Touch Screen Comes to Local Coffee Venue

By Susanne Masi

The McDonald’s near my home was remodeled – with a new image, WiFi connected touch-screen menu, and double drive-thru lanes. Another step in its efforts to compete with more trendy coffee shops, along with offering frappes, macchiatos, mochas, lattes, an advance-order app—even delivery service.


I admit, I actually like McDonald’s coffee, and occasionally stop by for a cup (sometimes even a breakfast burrito, the only MD food that appeals). It’s been a habit since the late 80’s, when I was in grad school in Rogers Park and took my paperwork to MD to write for a couple of hours. I never use the drive-thru—I like the personal touch. I’m used to the comfortable drill: order coffee (senior, two creams), pay the cashier, get my receipt (I keep track), and stand aside to await my order. They either call my number or hand it to me.


Often I take my cup out and sip as I drive. But sometimes I decide to stay, find a booth, and read a book. It’s a nice break for me, and I find it interesting to observe the diverse and interesting clientele. McDonald’s is a place for senior meetups, cops grabbing coffee, kids playing in the playplace, teens getting before-school breakfast—even job interviews. And although some locations have signs that say not to linger over a half hour, no one ever asks you to leave.


So, when my McDonald’s was closed for remodeling, it disrupted my usual routine. Occasionally I settled for Starbucks, but it wasn’t the same - for instance, no senior coffees. There are other MDs in the vicinity, of course, but I have my loyalties. The remodeling took three months, I swear. The outdoor kiosk said “Open Feb. 2,” but that was only for the drive-thru. I kept watching for the real opening.


Then, finally, it’s open. There are cars in the lot. The day I stopped in they were still power-washing the windows and I had to walk to the other side of the building to enter. Surprisingly, there were no other customers in line. I guess the word wasn’t entirely out that it was now finally open. A smiling young woman greeted me, eager to assist with A+ customer service: “Good morning, may I help you?” She guided me to the large new WiFi connected touchscreen menu where I was to order. She told me I also had the option of ordering as usual at the counter, but I decided to be adventurous.


I could see it would take me awhile to figure out the screen, but she asked me what I wanted. “Senior coffee, two creams.” Without a pause, she quickly punched it in for me. This was not a “lesson,” of course—she just did it for me. I was relieved. Then, smiling, she directed me to the counter where I was to pay. There was no exchange of money at the screen. She quickly shot behind the counter, still smiling, and checked my order on her screen. I handed her 75 cents. I expected to wait for my coffee on the side, as usual, but instead she explained, no, I was to take this white plastic gizmo she gave me, with my order number in large black letters, and place it on the table of my choice. The coffee would be brought to me.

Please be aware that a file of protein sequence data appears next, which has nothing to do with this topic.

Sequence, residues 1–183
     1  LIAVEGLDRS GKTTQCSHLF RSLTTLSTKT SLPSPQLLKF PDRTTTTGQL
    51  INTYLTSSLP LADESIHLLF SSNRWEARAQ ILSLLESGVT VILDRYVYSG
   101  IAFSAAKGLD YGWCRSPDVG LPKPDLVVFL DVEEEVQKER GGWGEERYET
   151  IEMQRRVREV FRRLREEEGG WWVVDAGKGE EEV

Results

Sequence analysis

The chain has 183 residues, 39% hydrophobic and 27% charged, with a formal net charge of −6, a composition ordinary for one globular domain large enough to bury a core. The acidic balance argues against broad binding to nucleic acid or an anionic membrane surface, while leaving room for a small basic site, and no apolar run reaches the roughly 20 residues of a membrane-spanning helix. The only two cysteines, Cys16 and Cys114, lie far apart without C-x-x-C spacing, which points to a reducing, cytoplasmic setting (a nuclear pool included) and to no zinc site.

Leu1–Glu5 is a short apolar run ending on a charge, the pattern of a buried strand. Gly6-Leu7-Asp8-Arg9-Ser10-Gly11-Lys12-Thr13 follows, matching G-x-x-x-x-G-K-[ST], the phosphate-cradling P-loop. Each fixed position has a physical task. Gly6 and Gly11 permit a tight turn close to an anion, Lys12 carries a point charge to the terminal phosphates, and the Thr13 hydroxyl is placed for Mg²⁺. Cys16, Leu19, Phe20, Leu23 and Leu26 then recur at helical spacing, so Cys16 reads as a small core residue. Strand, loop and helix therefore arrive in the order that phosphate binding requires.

So, I entered the shiny new dining area, sat down at a table, and placed my number on it. A few minutes later, the same smiling young woman came to my table and delivered the coffee. I thanked her and asked for my receipt, having forgotten to ask for it amidst all the new protocols I was absorbing. She obligingly returned to the counter to fetch one, but the receipt was not accurate – it was for fries and a coke. “This is not the right one” I gently informed her. A bit dismayed, she said, “No problem, I’ll fix it.” A few minutes later she returned, a smile on her face, with the correct receipt.

It was our fifth encounter using the new, efficient system. She did everything. I wondered who had been serving other customers while she graciously tended to my coffee order. But she made me smile.


The last time I was in McDonald’s, there were several customers lined up at the counter. Now I may be wrong, but I’d guess that most of them had bypassed the screen to order directly at the counter – it’s still an option. I guess old habits are hard to break.


Editorial note: 

Torque is located in the West Loop steps away from McDonald's new global headquarters, which allows us to experience these types of innovation in our own backyard. With their new headquarters restaurant, we expect that McDonald's knows that it's not just efficiencies that matter. We think they hope to foster outside-the-box thinking in the fast-changing retail and quick service market, to bring people more of what they want- a food experience, their way.